Zagreb's showpiece Mimara Museum boasts archaeological artifacts, art objects and an impressive collection of Old Masters all donated by mystery man Ante Topic Mimara, a private collector and close friend of Marshal Josip Broz Tito. If the collection seems impressive, the vast neoclassical building in which it is housed seems even more so.
Unfortunately the grandiosity of the setting belies the collection it contains which is highly controversial, like its donor, Ante Topic Mimara.
There are several versions of Ante Topic Mimara's early years. Was he really born Mirko Maratovic and did he assume the identity (Don Draper-style) of a soldier he killed in 1918 called Ante Topic? Or, was he the son of a poor farmer who served in WWI and was taken to Rome as a POW where he studied portrait painting and art restoration?
What is clear is that he spent the years leading up to WWII in Germany and began collecting art. From where? Hard to say. It is rumored that he acquired artworks confiscated from Jews fleeing Hitler's Germany which he denied. Certainly he was in a position to profit from the confusion surrounding the outbreak of war and acquired much art at bargain basement prices.
At the conclusion of the war, Mimara somehow became a representative of the Yugoslav government seeking to "restore" works to Yugoslavia that had been seized by the Nazis. Authorities in charge of returning art to their rightful owners were duped into releasing 166 art objects to Mimara's custody some of which ended up in Belgrade, if they were found at all. It is now conceded that France, Italy, Czechoslovakia and other countries had valid claims to the art and that Mimara was "The Master Swindler of Yugoslavia".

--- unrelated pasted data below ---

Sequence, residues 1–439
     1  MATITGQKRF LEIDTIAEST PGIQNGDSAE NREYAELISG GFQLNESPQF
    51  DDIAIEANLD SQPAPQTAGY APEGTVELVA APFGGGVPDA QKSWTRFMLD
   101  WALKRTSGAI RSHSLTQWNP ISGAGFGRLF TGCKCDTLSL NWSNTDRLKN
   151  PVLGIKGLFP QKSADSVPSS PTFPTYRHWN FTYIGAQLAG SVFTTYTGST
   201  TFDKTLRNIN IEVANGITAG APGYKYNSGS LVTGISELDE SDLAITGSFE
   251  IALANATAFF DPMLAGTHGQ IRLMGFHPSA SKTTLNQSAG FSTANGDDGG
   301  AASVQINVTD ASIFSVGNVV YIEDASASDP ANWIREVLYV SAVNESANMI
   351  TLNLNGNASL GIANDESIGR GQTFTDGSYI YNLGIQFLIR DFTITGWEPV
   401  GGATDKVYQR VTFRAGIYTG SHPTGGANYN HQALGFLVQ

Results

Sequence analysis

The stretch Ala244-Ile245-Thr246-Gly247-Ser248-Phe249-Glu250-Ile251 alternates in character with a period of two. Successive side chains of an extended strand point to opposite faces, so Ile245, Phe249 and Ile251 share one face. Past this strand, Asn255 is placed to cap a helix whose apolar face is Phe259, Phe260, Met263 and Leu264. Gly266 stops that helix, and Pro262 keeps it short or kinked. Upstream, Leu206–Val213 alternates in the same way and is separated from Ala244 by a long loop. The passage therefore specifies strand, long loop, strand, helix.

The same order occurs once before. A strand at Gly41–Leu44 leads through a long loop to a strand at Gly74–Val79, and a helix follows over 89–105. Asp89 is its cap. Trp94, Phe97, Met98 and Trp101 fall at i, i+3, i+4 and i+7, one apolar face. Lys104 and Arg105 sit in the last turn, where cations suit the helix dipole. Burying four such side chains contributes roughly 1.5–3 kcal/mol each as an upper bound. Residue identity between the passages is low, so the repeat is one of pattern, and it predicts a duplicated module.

The collection that Mimara bequeathed to the museum with a great deal of fanfare contained a number of paintings with attributions that are ambitious, to say the least. In the words of noted art historian, Brian Sewell (Croatia: Aspects of Art, Architecture and Cultural Heritage)
It is excessive to assume that every painting in Mimara's collection has in some sense been falsified, but the informed visitor's response is too often disrupted, even overwhelmed, by his attributions, often to the greatest painters in the history of art. . . The only reasonable approach is to ignore the labels, the signatures and the catalogue. . .and to treat the remaining pictures as unattributed, though not unattributable, and make our own suggestions.
Most of the paintings originally attributed to Old Masters have now been downgraded to "school of" and have some artistic interest but hardly enough to justify the grandiose setting. His collection of early antiquities is dubious but there is some fine glasswork and ivories.
Mr Sewell suggests that the museum be closed and the few valuable works transferred to the Strossmayer Gallery of Masters.
Opening hours October-June
Tuesday, Wednesday, Friday, Saturday 10.00 - 17.00
Thursday 10.00 - 19.00
Sunday 10.00 - 14.00
Opening hours July-September
Tuesday - Friday 10.00 - 19.00
Saturday 10.00 - 17.00
Sunday 10.00 - 14.00
Tram: 12, 13, 14, 17
Tram Stop: Marshall Tito Square
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